Several chemicals are included in the $200bn worth of tariffs that the US may impose on Chinese imports in the latest escalation of the trade war between the two countries. The US will hold hearings on 20-23 August before imposing a 10% duty on the items in the list.
For many products like ethane, none are imported by the US. Still, the inclusion of so many chemical products on the US list shows that the sector is becoming increasingly exposed to the trade war.
The US has already imposed 25% tariffs on several Chinese products, most of which are machines and industrial tools. China responded with its own set of retaliatory tariffs on US products, which targets soybeans and other agricultural goods.
The US could move forward on a second set of tariffs on $16bn worth of goods, many of which are polyolefins and other polymers. China responded with its own second set of tariffs that also targets several polymers.
The latest tariffs from the US would be on top of all of the other duties that have been adopted or imposed.
“The Administration’s announcement of a potential 10% tariff on $200bn of additional imports from China, including a significant amount of chemicals, is a stunning and unfortunate development for US manufacturers and consumers. Unilateral actions that alienate long-standing US allies and close off the US market to the rest of the world are not a recipe for economic growth and prosperity and are very unlikely to change China’s unfair practices,” said the American Chemistry Council (ACC), which also urged the US administration to “create a strong, multilateral coalition to bring an end to this unnecessary trade war”.
China on 16 July filed a complaint against the US at the World Trade Organization (WTO) over the decision to place tariffs on an additional $200bn of exports to the country.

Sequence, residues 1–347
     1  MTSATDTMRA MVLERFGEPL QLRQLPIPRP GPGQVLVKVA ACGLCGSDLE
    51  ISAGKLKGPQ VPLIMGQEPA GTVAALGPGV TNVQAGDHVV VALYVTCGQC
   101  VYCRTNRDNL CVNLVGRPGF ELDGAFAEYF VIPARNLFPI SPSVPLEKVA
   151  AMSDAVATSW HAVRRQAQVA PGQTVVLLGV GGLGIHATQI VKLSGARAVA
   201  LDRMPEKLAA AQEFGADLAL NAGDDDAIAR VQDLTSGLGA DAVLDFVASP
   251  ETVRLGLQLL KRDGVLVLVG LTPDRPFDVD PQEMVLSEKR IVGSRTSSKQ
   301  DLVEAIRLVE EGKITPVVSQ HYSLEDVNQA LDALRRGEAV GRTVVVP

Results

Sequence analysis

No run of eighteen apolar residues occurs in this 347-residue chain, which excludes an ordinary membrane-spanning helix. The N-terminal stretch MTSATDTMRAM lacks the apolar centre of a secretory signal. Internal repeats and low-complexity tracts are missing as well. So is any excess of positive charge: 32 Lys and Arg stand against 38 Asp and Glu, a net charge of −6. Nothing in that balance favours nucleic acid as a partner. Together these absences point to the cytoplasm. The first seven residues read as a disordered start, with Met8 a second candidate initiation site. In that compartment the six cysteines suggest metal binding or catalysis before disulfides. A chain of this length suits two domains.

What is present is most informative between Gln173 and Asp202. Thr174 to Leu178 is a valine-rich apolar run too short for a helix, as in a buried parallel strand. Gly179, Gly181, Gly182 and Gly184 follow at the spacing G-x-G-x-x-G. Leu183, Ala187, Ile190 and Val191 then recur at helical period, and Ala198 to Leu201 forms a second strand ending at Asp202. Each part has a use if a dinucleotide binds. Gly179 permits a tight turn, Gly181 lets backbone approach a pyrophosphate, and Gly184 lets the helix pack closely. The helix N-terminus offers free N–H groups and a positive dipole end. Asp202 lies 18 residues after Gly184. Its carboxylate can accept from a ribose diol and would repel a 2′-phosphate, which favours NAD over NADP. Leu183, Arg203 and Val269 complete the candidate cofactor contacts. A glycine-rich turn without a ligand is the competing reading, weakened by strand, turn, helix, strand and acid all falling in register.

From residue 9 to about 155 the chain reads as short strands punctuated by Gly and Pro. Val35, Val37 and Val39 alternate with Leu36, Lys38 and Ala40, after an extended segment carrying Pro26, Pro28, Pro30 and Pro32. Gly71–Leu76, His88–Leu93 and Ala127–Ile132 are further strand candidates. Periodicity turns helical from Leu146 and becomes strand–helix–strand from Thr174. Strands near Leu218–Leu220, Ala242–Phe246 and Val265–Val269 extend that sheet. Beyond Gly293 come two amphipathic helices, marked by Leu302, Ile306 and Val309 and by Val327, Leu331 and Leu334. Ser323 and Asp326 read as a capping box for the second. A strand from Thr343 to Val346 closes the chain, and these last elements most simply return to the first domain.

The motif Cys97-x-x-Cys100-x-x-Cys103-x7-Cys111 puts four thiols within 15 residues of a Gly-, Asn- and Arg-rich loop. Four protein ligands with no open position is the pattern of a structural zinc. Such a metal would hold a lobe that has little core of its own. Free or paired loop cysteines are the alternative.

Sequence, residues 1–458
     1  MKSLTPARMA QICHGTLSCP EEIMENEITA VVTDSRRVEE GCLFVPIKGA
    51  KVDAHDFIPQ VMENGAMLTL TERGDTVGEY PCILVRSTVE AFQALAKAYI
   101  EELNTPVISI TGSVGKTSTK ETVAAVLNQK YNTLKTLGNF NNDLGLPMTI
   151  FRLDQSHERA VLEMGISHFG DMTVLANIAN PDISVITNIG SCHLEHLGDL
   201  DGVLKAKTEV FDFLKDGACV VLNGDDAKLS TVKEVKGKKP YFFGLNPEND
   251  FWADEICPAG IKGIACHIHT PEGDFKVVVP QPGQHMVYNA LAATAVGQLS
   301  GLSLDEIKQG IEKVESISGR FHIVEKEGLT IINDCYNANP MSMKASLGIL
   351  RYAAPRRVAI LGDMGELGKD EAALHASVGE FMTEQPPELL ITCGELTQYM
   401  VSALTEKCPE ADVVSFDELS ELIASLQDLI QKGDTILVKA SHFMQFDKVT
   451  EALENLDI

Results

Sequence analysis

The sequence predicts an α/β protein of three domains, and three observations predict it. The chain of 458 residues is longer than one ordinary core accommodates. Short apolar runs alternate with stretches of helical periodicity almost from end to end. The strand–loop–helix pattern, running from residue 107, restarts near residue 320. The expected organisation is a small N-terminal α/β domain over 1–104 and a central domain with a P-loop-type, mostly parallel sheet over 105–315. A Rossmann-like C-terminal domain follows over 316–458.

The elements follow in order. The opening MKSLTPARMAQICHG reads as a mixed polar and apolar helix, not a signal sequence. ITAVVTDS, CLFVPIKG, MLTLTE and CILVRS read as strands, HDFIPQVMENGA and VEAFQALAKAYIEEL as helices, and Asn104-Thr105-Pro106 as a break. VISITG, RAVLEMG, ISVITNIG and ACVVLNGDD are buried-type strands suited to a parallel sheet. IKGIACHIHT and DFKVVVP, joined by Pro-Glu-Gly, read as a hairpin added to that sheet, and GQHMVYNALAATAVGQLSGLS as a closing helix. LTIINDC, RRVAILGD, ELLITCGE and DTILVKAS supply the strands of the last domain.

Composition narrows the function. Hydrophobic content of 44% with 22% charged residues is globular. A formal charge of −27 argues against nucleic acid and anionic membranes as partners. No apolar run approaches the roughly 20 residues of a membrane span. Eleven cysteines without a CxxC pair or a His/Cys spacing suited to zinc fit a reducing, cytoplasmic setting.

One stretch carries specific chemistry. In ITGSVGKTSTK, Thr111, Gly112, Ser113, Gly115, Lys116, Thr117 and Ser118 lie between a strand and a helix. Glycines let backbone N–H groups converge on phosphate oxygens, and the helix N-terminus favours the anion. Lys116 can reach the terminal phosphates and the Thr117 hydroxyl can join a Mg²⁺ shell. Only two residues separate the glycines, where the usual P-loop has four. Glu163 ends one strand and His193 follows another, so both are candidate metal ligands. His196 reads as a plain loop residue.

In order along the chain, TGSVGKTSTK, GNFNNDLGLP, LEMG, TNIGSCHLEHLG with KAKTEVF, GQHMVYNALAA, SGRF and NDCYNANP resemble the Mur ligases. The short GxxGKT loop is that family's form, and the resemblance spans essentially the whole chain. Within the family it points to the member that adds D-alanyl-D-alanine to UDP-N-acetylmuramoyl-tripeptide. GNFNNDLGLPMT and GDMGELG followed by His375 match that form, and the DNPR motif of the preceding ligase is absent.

The statement from China’s Ministry of Commerce (MOFCOM) comes less than a week after the US announced plans to levy a 10% tax rate against a raft of Chinese exports to the US, the latest tranche of punitive trade charges placed on the country.
Authorities at MOFCOM expressed shock last week at the new sanctions, which the ministry described in a statement as “trade bullying”.
The latest measures follow the imposition of 25% tariffs on $34bn worth of Chinese imports to the US, which prompted a similar response from China. Another round of US 25% tariffs on $16bn in Chinese imports is pending, with Chinese retaliatory tariffs of 25% on $16bn of US imports waiting in the wings.
But China has limited options available to respond to the scale of punitive tariffs the US may impose, according to analysts, which could stretch to cover $500bn of exports.
Click here to see the list of chemicals in the latest proposed $200bn of US tariffs against China
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Additional contribution by Joseph Chang